Why I Love Hannibal

"This is my design."

Bryan Fuller has been responsible for three of my favourite shows of the last few years. He oversaw the production of the best Star Trek since Deep Space Nine, with the Netflix show Discovery. He also ran American Gods' first season, though he is sadly not going to continue on that taboo breaking, dizzying and mystifying show. And of course there's Hannibal. I was late to the party with Hannibal, but thanks to three of my best online friends, Luke, Shaun and Martin, I was hipped to this incredible show. Hannibal is an elegant, extremely violent, scary and altogether overpowering Horror Crime show, that follows the characters from Thomas Harris' novel Red Dragon. Red Dragon is not a novel I have read, but I have seen both of the cinematic adaptations, Brett Ratner's Red Dragon and the far superior Michael Mann picture Manhunter. I can confidently say though that it is Bryan Fuller's Hannibal series that is the best of the lot.

Hannibal is a challenging show, especially in terms of morality and the line between good and evil. Hugh Dancy plays Will Graham, an FBI profiler who is capable of getting into the mind of the killer. Hannibal is Noir through and through, far more so than any of the cinematic adaptations of Thomas Harris' books. Dancy plays Will Graham with all of the conflict and confusion and the sense of teetering on a precipice over the mouth of Hell, that recalls Humphrey Bogart's greatest performance, In a Lonely Place. Along with Dancy, there are strong performances from Laurence Fishburne and Gillian Anderson, but the single greatest thing about Hannibal is the character of the title, played by the absolutely blindingly good Mads Mikkelsen.

Mads Mikkelsen is the definitive Hannibal Lecter, in my opinion, better even than the two great actors Brian Cox from Manhunter and of course the Academy Award winning portrayal of Lecter from Anthony Hopkins. This is high praise I know, but it must be said, because it's true. Mads is tremendously charming and as he seduces Will Graham, we find that we are likewise entranced by his wit and his warmth and pure class. It is a crime that Mads was not given all the awards for his performance here. This is a Noir Horror examination of the malleable nature of morality, and how, given the right circumstances, a man can find himself doing anything.

The way the food is shot is one of the most memorable things about Hannibal. It always looks gorgeous, and even though you know it has come from a human being, you kind of want to eat it. This is important for the story that Hannibal tells, as it is all about how two men find that they love each other as brothers even though both know that the other is intent on killing the other. It is a provocative show, there is no doubt, but it never feels cheap or easy. There are no comfortable answers in Hannibal. Will Graham crosses the line to try and capture Hannibal, and Hannibal likewise crosses his personal lines to try to help Graham come to terms with who he is.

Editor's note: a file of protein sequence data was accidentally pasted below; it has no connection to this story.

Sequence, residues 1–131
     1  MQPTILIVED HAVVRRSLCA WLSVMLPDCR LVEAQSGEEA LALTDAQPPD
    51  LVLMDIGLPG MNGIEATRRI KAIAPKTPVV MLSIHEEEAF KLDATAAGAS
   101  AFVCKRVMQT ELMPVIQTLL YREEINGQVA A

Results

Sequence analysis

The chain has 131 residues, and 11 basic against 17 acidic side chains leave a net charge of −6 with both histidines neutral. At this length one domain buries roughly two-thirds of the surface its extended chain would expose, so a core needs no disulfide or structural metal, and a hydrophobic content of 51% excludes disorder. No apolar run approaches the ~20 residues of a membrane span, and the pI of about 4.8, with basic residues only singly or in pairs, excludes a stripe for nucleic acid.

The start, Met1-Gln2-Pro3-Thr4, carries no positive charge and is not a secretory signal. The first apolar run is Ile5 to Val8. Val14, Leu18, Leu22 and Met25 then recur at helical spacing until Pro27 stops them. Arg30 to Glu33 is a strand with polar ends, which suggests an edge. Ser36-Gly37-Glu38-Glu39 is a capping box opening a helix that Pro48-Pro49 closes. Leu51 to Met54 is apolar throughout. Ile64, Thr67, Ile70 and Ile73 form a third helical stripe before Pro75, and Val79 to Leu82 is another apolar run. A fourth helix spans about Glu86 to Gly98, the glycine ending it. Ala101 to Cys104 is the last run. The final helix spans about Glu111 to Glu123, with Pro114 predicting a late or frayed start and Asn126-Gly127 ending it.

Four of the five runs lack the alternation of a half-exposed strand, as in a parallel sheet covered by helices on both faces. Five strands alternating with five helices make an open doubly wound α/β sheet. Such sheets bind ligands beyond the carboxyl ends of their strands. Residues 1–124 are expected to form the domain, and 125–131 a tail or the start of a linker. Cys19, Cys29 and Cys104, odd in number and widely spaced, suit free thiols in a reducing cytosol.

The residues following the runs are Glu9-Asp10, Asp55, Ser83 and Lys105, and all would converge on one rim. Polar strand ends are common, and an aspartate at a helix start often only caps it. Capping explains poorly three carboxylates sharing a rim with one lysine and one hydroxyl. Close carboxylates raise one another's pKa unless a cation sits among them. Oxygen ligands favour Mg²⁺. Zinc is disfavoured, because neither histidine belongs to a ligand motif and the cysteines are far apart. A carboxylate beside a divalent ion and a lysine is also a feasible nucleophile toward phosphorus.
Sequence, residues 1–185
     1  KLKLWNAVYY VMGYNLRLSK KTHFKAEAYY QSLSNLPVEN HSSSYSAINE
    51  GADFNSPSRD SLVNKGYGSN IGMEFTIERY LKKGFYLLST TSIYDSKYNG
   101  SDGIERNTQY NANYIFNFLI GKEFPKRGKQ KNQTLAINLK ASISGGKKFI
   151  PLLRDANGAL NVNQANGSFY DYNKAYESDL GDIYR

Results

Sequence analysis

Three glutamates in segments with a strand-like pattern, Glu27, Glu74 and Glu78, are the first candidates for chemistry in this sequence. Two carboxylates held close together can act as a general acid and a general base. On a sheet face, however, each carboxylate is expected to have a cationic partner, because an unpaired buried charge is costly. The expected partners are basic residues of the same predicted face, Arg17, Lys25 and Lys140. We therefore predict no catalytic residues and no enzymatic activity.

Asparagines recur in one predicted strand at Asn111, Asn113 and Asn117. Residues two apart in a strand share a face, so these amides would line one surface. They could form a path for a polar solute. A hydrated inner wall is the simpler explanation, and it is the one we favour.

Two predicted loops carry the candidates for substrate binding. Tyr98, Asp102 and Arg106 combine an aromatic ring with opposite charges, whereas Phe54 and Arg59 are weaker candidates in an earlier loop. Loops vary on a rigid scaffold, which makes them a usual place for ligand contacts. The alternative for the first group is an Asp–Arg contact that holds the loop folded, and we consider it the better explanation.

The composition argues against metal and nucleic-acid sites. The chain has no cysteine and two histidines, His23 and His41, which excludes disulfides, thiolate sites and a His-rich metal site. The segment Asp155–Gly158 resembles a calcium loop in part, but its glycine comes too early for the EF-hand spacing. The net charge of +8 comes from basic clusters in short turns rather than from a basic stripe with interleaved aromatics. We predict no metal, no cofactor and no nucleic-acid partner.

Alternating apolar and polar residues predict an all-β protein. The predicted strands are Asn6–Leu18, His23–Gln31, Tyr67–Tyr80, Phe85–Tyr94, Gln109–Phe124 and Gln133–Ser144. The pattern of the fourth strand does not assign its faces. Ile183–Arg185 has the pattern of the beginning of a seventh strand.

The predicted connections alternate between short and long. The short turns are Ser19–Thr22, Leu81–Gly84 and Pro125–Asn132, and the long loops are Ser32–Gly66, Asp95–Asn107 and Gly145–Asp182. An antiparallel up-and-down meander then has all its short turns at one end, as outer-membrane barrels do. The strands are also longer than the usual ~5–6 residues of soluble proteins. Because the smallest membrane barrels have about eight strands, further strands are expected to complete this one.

The violence in Hannibal is glorious, gorgeous and altogether on point. The show has some of the most effective, devastating violence that I have ever seen, particularly the scenes of torture. When Hannibal pushes Mason Verger to eat his own face, I lost it. I have seen all of the famous torture films: Martyrs, Audition, Save the Green Planet! Hostel, The Eyes of My Mother and many more, but it is in Hannibal that I found myself the most terrified, appalled and undeniably attracted to the violence. Other great scenes include where Hannibal feeds Eddie Izzard's character his own arms and legs. It is such a perverse scene and I am stunned that it was shown on television. There is also a stunning scene between Dr Chilton and the Red Dragon, where the Dragon bites the lips off of Chilton's face and sets him on fire.

The only minor complaint I have about this scene is that in the original story, it was tabloid journalist Freddie Lounds who was captured and tortured. In Hannibal Freddie Lounds is a woman, and I imagine that network TV restrictions meant that a similarly aggressively violent scene against a woman was taboo. This is a shame, as I feel that it was far more believable that the Dragon would target the journalist rather than the doctor. It is however a very small complaint, for a show that is start to finish, one of the most compelling works of TV fiction that I have ever seen.

Hannibal is a stunning piece of work from beginning to end, but it is in its third (and as of today, final) season that it is elevated to high art. I find it strange that anyone could possibly point to season three as evidence of a decline in quality, as it is far and away the best of the bunch, and cements Hannibal's reputation as one of the greatest TV shows of modern times. I rank it highly in terms of Horror and Noir, my two favourite genres, up there with True Detective for Noir and American Horror Story for Horror. There is some chatter that Bryan Fuller is pursuing a revival of the show and a fourth season. I hope that he is able to give us more, as the story deserves to be completed. If you haven't seen Hannibal and love Horror and Noir, WATCH IT NOW. It is one of the best shows I've ever seen, and I believe it will be for you too.


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